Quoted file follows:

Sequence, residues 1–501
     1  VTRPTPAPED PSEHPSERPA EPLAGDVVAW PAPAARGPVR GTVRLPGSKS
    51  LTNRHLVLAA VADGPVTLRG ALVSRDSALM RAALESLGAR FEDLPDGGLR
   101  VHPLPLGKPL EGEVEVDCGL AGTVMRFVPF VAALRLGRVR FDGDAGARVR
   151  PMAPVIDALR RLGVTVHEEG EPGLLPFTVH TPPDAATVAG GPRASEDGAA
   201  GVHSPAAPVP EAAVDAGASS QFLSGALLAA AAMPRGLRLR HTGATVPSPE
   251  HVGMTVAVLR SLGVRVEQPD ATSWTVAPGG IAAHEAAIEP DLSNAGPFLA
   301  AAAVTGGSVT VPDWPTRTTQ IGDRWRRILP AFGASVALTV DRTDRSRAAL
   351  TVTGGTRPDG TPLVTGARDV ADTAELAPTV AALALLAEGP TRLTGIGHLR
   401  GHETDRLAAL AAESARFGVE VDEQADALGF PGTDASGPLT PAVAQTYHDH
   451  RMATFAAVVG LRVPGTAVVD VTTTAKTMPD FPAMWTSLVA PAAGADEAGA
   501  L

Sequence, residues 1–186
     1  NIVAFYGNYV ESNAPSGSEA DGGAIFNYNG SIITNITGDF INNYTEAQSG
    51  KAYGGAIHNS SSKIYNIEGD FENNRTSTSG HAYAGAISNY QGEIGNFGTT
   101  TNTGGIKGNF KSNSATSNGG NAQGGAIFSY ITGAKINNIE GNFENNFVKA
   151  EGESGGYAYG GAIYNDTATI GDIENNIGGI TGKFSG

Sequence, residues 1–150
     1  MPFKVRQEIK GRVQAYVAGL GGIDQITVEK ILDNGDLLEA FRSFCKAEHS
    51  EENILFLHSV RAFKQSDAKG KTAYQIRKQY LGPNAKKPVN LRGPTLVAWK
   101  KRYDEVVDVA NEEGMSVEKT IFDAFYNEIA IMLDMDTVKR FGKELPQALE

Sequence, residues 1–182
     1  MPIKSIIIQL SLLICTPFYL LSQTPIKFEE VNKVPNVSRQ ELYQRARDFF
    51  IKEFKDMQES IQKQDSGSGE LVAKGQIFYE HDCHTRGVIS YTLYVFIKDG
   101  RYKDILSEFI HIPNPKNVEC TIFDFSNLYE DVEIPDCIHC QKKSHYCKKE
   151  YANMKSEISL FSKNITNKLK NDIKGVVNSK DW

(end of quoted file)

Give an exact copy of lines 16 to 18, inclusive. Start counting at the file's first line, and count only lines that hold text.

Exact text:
   101  TNTGGIKGNF KSNSATSNGG NAQGGAIFSY ITGAKINNIE GNFENNFVKA
   151  EGESGGYAYG GAIYNDTATI GDIENNIGGI TGKFSG

Sequence, residues 1–150